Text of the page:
Zurich, Switzerland: +41 - 43 434 80 33   |   US: (510) 962-8903   |   support@traininng.com

Webinar Price Details


One of the most difficult conversations for the leader of a diverse workforce to have is anything related to perceived mistreatment by an individual or group based on discrimination.

Many leaders shy away from the topic out of fear or lack of understanding much to the frustration of the person expressing the concern. This occurs most often in leaders who don't feel equipped to deal with such sensitive matters. The outcome is usually a disgruntled employee who feels ignored, devalued, and unsupported.

When left unaddressed, these matters can end up hostile with the employee lodging a formal complaint that can easily become a lawsuit. Oftentimes, company leaders feel that the best way to address the bad behavior of one is to force the entire company through diversity and inclusion training. This knee-jerk response usually angers the majority of staff since they feel they weren’t personally responsible for other people's bad behaviors.

It also devalues the significance of diversity training. Moreover, a lack of skill in managing prejudicial complaints and conduct can weaken the reputation of the leader. Knowledge in this area is a critical part of leading a diverse workforce. Allowing painful affronts to an employee to go on without intervening damages relationships, productivity, and the company's reputation.

Matters like this can escalate from hard feelings between two employees all the way to an investigation by the EEOC-especially if one of the employees happens to be in management. Unconscious bias and blatant discrimination are matters that should be handled expediently from the first complaint. But many leaders don't have the confidence to speak on matters of social injustices minorities may feel at work. That’s why this topic, "Leading a Diverse Workforce" is important.

Participants will learn how to create an environment where people can talk openly about their concerns without fear of judgment or retaliation. Leaders will learn how to broach subjects regarding unconscious bias, prejudice, and exclusion with confidence. Alternatively, culture, class, gender, race, religion, age, and so many other attributes are positioned as assets within the organization.

The goal is to create safe spaces for discourse on diversity matters. Avoidance, denial, and resistance only result in a lack of preparation by leaders when the issue arises. This topic is a great start in educating leaders in how to create a workplace that is fair and tolerant.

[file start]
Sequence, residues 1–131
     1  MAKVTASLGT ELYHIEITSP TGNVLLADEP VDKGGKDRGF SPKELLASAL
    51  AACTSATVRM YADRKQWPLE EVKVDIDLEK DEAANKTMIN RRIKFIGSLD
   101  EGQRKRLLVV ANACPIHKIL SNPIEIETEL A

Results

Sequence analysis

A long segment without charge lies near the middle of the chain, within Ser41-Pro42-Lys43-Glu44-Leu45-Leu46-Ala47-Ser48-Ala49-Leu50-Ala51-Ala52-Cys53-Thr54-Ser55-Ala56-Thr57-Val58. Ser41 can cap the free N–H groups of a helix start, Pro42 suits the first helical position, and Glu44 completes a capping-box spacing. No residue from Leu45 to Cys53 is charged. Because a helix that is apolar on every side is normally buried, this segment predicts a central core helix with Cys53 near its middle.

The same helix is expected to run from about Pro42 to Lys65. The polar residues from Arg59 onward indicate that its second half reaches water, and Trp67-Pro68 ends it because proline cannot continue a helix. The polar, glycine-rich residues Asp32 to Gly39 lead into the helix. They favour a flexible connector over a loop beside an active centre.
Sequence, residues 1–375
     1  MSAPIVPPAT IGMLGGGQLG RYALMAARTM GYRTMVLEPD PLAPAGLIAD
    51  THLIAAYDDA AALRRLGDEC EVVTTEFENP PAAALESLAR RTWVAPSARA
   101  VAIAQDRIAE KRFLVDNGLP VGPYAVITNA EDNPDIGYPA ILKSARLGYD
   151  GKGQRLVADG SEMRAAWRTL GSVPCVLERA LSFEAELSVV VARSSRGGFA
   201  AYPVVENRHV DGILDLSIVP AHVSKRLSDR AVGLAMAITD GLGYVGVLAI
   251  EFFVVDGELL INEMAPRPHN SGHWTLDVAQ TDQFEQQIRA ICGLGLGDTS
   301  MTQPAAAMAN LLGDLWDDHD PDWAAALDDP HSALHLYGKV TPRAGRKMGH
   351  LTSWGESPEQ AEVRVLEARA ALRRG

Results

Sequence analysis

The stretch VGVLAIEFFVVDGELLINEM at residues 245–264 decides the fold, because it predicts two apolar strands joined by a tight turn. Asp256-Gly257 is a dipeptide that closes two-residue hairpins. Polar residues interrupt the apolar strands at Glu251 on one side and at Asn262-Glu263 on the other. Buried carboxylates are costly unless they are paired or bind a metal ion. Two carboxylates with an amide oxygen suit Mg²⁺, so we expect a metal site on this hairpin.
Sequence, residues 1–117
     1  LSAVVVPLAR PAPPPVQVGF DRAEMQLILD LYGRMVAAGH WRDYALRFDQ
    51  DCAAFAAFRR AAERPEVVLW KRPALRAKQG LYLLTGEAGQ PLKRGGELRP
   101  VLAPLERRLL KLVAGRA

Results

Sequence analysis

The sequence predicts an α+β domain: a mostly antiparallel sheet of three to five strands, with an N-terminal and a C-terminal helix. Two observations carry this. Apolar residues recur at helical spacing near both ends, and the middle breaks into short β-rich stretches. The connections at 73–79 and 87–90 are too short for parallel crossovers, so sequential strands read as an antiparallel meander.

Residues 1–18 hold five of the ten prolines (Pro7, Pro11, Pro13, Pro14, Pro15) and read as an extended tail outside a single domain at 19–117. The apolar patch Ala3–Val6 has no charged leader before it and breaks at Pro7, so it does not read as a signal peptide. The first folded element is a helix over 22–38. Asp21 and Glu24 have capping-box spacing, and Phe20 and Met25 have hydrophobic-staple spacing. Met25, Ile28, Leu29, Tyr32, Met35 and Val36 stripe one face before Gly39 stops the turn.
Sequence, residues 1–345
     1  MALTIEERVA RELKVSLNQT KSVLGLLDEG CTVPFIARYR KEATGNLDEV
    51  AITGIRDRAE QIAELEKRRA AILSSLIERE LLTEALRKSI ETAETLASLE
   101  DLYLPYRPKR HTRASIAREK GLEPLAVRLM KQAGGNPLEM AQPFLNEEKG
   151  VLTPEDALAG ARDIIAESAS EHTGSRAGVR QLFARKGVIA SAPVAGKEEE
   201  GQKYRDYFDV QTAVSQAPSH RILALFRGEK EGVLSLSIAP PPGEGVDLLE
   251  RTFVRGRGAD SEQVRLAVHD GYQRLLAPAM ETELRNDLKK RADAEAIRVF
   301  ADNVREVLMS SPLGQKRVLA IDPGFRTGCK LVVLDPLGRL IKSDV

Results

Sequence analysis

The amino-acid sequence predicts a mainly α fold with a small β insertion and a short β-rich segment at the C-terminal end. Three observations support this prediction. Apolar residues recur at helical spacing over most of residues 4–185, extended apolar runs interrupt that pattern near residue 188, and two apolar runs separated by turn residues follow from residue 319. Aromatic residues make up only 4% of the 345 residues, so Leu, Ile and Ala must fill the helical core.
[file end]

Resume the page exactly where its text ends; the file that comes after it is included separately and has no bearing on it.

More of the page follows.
Why you should Attend

Leaders who are averse to addressing matters that have proven to be controversial in our society tend to shy away from them. Therefore, this session is a good one for those who need to have more courageous conversations. One area of special resistance is diversity, equity and inclusion. Talking about diversity matters-especially race and racism-for a lot of people is like bringing up a dirty family secret at the annual reunion.

It's uncomfortable and painful. Most people would rather avoid it or tiptoe around the toughest parts. Every person has an opinion about race, culture, religion, gender, and sexual orientation, yet many feel awkward expressing it around people outside of their normal circle of friends and family. Having an open dialogue is the most important effort a leader can make in building knowledge, promoting healing, and increasing respect for cultural differences.

Participants in this session will be challenged to think about the way they think (metacognition) when it comes to living near, socializing with or working in an environment where everybody's not the same. Individuals will be encouraged to examine their behaviors, communications, and mindsets to uncover any unconscious bias that they may be harboring and exhibiting. In so doing, they will learn to ask for accountability from themselves and their staff, offer solutions, and promote bold action against unfairness and prejudice. It all starts with open and meaningful dialogue. 

In the end, leaders should be able to ask their direct reports to accept each person on their own merits and not because of faulty stereotypes and cultural ignorance. This kind of discovery comes only through honest and frank discussions.

Areas Covered in the Session

  • Understanding and identifying our own biases
  • Becoming culturally competent to meet the needs of the team
  • Creating the right environment for meaningful conversations regarding diversity matters

Who Will Benefit

  • Those who have to lead diverse groups at work and in the community

Speaker Profile

Betty Parker is a business owner, professional speaker, author, and trainer. She is a communications expert with more than 30 years’ experience presenting to audiences including work in radio after earning a degree in broadcast journalism from Louisiana State University (LSU). Betty began her career as sales professional and trainer in 1998 in the biotech industry. She started Sharper Development Solutions, Inc., a training and development company, in 2006.

Betty has educated thousands of leaders and staff across the country in a variety of performance areas. As a leadership consultant, she specializes in the following topics: communications, teamwork, diversity and inclusion, conflict management, coaching and mentoring, and strategic planning. She is an often sought out speaker for conferences and events. She is at work on her next book, Crushing Goliath: Winning Practices in Slaying BIG People Problems. She is a Certified Professional in Learning and Performance (CPLP) through the Association for Talent Development, a Certified Professional Coach, and an Authorized Partner with Wiley Publishing, the makers of Everything DiSC products. She is also a wife, mom and avid football fan.